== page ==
Set up time:
What you need
Clear plastic drink bottles (1L or more), aluminium cans, black paint, thermometers, cardboard, aluminium foil, scissors, water
To demonstrate how pasteurisation works, and to show that the energy from the sun can be used for the pasteurisation process.
Your students will predict and record the effects of using solar energy to heat water.
Your students will read and record accurate measurements using a thermometer.
Your students will theorise on how a scientific experiment could be modified to obtain different results.
Discuss the term ‘pasteurisation’, and how we can use the energy of the sun to heat liquids rapidly.
Following the instructions on the Solar pasteuriser worksheet, students can work in small groups to build the pasteurisers.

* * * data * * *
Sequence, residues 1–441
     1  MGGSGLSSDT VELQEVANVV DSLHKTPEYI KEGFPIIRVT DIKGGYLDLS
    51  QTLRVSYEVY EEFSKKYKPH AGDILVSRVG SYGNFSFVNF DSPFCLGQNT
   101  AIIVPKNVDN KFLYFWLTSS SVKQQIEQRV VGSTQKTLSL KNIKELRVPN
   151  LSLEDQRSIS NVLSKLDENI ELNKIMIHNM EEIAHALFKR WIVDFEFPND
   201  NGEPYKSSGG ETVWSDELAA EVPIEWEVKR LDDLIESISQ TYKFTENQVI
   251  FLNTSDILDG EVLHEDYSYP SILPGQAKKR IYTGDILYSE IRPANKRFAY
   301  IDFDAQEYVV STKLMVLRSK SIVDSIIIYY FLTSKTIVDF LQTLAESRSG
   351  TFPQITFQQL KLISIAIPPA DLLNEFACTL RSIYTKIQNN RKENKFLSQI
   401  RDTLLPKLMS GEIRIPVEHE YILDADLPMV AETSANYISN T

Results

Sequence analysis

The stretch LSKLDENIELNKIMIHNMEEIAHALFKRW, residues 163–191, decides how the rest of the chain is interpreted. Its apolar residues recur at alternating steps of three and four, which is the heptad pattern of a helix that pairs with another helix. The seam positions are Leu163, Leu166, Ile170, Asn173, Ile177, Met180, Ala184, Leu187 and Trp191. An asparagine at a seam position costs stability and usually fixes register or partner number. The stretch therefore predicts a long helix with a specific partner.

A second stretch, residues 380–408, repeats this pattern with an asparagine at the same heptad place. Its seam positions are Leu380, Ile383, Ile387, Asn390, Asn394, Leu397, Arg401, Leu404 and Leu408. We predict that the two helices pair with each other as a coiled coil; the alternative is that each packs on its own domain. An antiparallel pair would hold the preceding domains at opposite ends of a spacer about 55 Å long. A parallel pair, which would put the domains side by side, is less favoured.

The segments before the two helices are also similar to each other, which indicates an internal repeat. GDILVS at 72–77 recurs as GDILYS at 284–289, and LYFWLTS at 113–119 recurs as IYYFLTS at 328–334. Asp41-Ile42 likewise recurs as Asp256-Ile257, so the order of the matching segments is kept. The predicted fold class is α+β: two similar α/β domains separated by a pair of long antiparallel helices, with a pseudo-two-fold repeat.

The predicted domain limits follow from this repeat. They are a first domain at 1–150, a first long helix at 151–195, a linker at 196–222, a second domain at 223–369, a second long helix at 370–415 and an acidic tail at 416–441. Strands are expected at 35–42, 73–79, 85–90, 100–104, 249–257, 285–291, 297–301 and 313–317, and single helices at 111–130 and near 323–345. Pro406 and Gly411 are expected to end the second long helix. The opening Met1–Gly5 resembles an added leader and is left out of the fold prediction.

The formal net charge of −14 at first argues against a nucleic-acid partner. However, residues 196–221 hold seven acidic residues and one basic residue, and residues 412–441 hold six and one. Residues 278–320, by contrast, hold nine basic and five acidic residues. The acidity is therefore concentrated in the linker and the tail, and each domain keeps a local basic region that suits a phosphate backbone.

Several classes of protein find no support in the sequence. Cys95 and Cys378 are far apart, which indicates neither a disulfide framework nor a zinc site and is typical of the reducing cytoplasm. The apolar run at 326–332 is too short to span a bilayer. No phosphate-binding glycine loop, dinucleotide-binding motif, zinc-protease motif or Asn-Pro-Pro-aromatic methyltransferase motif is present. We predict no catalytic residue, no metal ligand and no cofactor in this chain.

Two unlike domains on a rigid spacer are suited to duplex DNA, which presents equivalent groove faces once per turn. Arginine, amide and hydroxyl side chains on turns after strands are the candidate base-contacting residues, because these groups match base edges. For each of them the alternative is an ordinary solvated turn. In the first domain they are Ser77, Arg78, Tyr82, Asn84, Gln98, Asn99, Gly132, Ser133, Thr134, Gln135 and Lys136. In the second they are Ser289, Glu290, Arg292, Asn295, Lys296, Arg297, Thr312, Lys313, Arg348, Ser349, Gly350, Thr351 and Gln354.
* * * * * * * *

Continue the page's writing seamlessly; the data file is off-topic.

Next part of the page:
Students should record and compare water temperatures for their pasteurisers – with and without solar heating.
This experiment demonstrates the benefits of solar energy on a small scale. Discuss how the principles can be applied on a large scale.
|This experiment uses a renewable energy source (the sun). What energy source do you think factories use for pasteurisation processes?|
|What other changes or modifications to this experiment could you make to test the effectiveness of solar energy?|
Extension: Solar possibilities
In the activity above, students saw how solar energy can be used to heat up water. But what about cooking food? Can we capture enough heat energy from the sun to cook a pizza?
An empty pizza box and a few other materials can be converted into a solar oven, capable of heating up foods.
In this makeshift solar oven, what are the most important elements, and how are they used to increase the heat in the ‘oven’.
By using stronger materials than those used in this video, do you think you could reach much higher temperatures and cook a roast lamb?
Discuss the pros and cons of using a solar oven to cook food with. Talk about things like the cooking time, greenhouse gas emissions, safety and so on.